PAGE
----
Cover Chiharu Shiota in Berlin, 2020 (Photo: Sunhi Mang)

Taking the world by storm with her large-scale installation of threads wrapped around objects, Japanese artist Chiharu Shiota talks to Tatler about her iconic motif, her new exhibition in Taiwan and how her work has changed over the years

Her large installations of webs of threads wrapped around objects took the art world by storm. The artist behind the iconic motif is Chiharu Shiota, a name that people quickly took note of. The Osaka-born, Berlin-based artist confronts fundamental human concerns such as life, death and relationships and explores human existence throughout various dimensions by creating existence in the absence.

This personal creative practice was honed by her colourful life experiences, studying oil painting during university in Japan and then moving to Australia where she began making performances and installations. She moved to Germany and subsequently studied with various performance art pioneers from Marina Abramovic to Rebecca Horn and has since stayed in Berlin. For almost three decades of her career, Shiota has exhibited her work at more than 300 solo shows, exhibitions, biennales and other events.

Now she’s bringing both new and old artworks to a new exhibition at Taipei Fine Arts Museum, which runs until August 28. Tatler Hong Kong speaks to Chiharu about the exhibition, her iconic threads and how her work has changed over the years.

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Can you tell us more about your Shiota Chiharu: The Soul Trembles exhibition in Taipei?

This exhibition was first shown at the Mori Art Museum in Tokyo, Japan. Over 600,000 people visited the exhibition. It became a touring exhibition and since then, has been to South Korea and now Taipei. Mami Kataoka, the director of Mori Art Museum, curated the show and we wanted to show the past 25 years of my work as an artist in one exhibition.

When I was invited to create this show, I was very happy but while I was preparing for it, my doctor told me that my cancer returned so I had to do an operation and chemotherapy. During this time, I was thinking a lot about life and death, questions like “If my body would die, where is my soul going?”. Because of that, I put this kind of feeling in the title, The Soul Trembles.

The pieces displayed for this exhibition range from old ones to newer ones, why did you choose to combine the two?

The space was very big so it was good to show everything—my whole artistic life, from painting from when I was just five years old until now. I wanted to show all my work and this marks the first extensive collection of all my work. It was Mami Kataoka’s idea to show everything I created in one exhibition.

You also chose to combine various mediums from installations to videos and photographs. Can you tell us more?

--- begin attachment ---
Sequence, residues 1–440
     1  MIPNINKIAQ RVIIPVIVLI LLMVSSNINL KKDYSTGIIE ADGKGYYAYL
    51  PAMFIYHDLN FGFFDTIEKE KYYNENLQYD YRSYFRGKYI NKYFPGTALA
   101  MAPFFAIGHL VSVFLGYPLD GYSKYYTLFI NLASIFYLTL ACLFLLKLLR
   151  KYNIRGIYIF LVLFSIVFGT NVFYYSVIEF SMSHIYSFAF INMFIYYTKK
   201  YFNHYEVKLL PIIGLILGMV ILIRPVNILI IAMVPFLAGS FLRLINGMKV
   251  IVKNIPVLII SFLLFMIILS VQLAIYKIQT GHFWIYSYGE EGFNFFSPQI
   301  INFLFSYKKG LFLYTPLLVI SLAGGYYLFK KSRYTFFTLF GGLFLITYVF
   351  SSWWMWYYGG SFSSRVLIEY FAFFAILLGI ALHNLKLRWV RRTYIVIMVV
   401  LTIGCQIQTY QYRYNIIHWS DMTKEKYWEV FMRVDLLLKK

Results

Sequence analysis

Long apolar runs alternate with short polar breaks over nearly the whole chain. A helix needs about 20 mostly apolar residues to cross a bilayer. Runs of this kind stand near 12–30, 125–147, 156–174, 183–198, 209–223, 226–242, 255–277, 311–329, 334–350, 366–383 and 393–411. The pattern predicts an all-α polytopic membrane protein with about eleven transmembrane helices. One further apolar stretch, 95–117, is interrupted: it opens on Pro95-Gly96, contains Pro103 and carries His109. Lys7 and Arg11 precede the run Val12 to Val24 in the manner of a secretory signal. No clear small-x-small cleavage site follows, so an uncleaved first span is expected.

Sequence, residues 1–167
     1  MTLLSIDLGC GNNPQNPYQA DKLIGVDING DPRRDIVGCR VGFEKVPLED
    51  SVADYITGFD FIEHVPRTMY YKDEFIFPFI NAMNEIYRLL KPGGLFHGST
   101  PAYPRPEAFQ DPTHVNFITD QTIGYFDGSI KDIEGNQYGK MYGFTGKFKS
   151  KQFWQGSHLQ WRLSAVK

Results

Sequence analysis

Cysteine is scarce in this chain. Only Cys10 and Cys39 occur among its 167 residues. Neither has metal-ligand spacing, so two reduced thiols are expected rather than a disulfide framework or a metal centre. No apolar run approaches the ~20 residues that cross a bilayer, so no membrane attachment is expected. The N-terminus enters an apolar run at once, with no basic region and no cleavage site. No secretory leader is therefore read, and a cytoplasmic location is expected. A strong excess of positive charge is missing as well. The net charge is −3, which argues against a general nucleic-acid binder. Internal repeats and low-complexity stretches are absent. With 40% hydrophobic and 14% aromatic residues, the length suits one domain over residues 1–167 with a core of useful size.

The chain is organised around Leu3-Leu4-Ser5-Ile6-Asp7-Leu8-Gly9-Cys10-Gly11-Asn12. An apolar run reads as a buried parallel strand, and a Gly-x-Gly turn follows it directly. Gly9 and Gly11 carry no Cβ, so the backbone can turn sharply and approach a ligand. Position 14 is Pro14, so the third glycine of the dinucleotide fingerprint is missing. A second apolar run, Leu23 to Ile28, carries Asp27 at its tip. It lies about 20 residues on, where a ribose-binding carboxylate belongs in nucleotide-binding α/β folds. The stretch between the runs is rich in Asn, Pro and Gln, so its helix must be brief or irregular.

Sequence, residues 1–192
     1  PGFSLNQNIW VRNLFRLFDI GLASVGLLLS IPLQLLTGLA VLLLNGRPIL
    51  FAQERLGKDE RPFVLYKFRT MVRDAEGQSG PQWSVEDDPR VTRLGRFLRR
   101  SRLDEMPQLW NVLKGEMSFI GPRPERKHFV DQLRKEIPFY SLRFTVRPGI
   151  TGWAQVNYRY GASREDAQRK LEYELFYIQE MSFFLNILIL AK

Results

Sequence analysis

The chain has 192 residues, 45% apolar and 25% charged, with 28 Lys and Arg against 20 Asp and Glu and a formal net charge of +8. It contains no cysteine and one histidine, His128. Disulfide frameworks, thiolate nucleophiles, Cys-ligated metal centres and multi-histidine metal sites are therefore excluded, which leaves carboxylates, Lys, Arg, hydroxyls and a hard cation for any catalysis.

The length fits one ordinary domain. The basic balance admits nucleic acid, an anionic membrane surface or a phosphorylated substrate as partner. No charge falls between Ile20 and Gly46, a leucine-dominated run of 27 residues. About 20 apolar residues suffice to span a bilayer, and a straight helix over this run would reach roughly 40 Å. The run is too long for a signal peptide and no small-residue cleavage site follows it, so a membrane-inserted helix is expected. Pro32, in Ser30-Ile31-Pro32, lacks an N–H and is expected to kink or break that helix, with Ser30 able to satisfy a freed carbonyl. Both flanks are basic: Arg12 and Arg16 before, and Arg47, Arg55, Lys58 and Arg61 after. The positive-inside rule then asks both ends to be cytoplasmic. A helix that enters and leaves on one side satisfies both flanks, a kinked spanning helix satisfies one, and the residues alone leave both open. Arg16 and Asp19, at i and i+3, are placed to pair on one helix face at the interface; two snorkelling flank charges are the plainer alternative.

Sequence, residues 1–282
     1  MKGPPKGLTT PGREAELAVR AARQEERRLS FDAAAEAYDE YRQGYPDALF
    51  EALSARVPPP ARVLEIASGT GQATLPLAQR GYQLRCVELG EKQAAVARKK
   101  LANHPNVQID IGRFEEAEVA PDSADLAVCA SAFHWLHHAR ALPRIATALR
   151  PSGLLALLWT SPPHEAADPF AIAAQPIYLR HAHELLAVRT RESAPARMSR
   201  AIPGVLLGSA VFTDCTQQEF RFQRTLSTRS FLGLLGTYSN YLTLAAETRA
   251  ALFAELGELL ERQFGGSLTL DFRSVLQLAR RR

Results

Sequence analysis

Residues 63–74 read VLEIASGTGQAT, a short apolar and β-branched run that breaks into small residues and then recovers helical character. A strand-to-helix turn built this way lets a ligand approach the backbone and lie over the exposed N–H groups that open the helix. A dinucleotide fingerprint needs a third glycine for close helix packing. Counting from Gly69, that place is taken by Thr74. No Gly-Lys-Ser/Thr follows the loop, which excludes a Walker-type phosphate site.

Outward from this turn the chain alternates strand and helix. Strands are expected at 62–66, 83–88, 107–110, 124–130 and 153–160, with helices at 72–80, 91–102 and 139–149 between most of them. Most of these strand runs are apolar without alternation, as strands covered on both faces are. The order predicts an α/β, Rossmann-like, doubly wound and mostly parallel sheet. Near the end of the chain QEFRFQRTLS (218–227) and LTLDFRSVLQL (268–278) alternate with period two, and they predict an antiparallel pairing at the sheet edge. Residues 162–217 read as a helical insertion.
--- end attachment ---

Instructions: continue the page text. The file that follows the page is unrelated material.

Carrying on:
The theme of my work is “existence in the absence” but I approach it with different mediums. I’m not only a photographer or installation artist. The theme is the same but I want to create this feeling in different ways.

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Among your famous work is the use of black and red threads, what’s the story behind this? Why do you choose threads specifically?

A red thread is like the inside of the body, like the colour of blood. For me, this colour also symbolises connection so I wanted to connect with the people. The colour lack is deep, like the universe or the night sky. It’s more abstract but also like a pencil line in a drawing.

I always wanted to be a painter but during university, I couldn’t paint anymore. Painting didn’t have any meaning to me so I wanted to create my own art by making a three-dimensional line from the canvas into space. I’m drawing in the air.

You had a very colourful life from Osaka to Kyoto to Australia then Germany. How have your experiences in these places shaped the kind of artist you are and the kind of art that you make?

When I travel farther from Japan, I can see more about my identity. When I am in Japan, I don’t think about myself. But in a different country, I can see how I am and see more of myself.

How has your creative practice changed over the years?

My early work is more about the second skin. I believe that our clothing is our second skin, all our memories accumulate in our clothing. And space is like a third skin, that is why I collected many windows in Berlin from old GDR (German Democratic Republic or East Germany) buildings. I collect everything wherever I see a story or memory. I think my work changed because my work is connected to my life. I’m inspired by life and when life changes, my work changes.

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You’re Japanese but based in Berlin, do you combine the two cultures when creating an artwork?

I think I combine two cultures but I am not just making Japanese or German art. For me, it’s more important to find an identity to make my own artwork. The culture is important, but that’s not my main purpose. I don’t like these categories—I want to be free as an artist.

How would you describe yourself as an artist?

I don’t know how to describe myself as an artist, every exhibition is also different so I don’t know how to describe what I do. I think I just continue to do exhibitions and at each exhibition, I get a new answer.

What else can we look forward to from Shiota Chiharu?

I don’t have a plan, I just continue. Sometimes, I wish to exhibit at specific spaces but I don’t know the future so I just do my best at each exhibition.

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Shiota Chiharu: The Soul Trembles runs from May 1 to August 29 at Taipei Fine Arts Museum in Taiwan

(This article was originally published on June 24 and was updated on August 11, 2021.)

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